8.2" Fossil Ammonite (Dactylioceras) Cluster - Sandsend, England

This is an impressive, 8.2" wide cluster of Dactylioceras ammonites from the Sandsend, England. You don't typically get these ammonites in dense clusters like this. Countless hours of preparation work went into exposing the individual ammonites from the hard rock with mechanical tools.

There are over 30 ammonites present of both Dactylioceras toxophorum and Dactylioceras gracile. Most of the ammonites are around 1" wide, but the largest is 2.8"

This piece comes out of the collection of the late Jeff Mulroy, a renown collector and preparitor of Yorkshire fossils.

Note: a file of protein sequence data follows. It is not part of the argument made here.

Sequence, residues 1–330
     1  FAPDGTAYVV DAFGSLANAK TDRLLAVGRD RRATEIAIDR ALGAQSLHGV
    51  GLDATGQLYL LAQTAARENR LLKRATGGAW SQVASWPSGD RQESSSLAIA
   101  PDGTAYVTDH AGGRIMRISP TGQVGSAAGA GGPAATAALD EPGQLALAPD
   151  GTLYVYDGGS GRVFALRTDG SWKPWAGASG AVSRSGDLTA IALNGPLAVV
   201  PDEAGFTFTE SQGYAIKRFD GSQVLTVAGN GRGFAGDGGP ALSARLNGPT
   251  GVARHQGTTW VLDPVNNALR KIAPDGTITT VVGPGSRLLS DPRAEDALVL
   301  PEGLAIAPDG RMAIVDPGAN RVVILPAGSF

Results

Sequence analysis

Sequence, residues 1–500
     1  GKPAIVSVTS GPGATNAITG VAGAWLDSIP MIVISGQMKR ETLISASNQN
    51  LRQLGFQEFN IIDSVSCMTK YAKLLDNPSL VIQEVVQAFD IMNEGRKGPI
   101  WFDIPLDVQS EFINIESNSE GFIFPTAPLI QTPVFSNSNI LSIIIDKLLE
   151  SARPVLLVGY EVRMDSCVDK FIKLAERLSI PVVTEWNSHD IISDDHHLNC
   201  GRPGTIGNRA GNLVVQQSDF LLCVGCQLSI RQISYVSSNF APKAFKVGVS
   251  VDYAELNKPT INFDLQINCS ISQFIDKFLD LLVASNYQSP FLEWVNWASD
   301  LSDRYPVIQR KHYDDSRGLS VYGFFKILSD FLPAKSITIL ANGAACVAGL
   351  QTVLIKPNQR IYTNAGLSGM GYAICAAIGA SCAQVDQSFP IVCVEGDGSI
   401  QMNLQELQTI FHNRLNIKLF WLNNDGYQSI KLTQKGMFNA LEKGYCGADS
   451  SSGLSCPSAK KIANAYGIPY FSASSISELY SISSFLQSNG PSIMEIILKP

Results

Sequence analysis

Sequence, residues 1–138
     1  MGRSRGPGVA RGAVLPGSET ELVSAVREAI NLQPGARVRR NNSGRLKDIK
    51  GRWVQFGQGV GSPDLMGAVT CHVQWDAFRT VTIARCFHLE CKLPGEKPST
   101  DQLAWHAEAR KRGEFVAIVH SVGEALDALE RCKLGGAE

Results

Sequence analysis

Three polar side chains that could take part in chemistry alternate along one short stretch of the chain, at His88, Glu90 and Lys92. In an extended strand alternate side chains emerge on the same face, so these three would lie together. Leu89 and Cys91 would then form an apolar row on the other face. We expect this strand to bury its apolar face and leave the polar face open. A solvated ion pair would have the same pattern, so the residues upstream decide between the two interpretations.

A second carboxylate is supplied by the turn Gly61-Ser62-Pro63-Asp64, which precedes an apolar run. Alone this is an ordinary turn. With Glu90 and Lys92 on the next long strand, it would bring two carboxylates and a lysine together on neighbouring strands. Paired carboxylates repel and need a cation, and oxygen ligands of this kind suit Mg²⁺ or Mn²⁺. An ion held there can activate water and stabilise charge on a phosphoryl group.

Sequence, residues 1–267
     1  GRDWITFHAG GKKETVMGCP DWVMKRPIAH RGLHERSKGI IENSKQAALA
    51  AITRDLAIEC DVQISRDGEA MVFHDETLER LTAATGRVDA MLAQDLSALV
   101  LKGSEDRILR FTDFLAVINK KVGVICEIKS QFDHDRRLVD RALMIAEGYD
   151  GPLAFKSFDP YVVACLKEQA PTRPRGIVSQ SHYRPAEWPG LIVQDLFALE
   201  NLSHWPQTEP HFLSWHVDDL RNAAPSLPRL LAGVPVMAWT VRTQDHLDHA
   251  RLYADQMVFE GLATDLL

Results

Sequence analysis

Comes with a display stand.

Ammonites were predatory mollusks that resembled a squid with a shell. These cephalopods had eyes, tentacles, and spiral shells. They are more closely related to a living octopus, though the shells resemble that of a nautilus. True ammonites appeared in the fossil record about 240 million years ago. The last lineages disappeared 65 million years ago at the end of the Cretaceous.

What an ammonite would have looked like while alive.
What an ammonite would have looked like while alive.
Dactylioceras toxophorum & Dactylioceras gracile
Sandsend, Whitby, North Yorkshire, England
Cluster 8.2 x 5.5 x 2.6", Largest ammonite 2.8"
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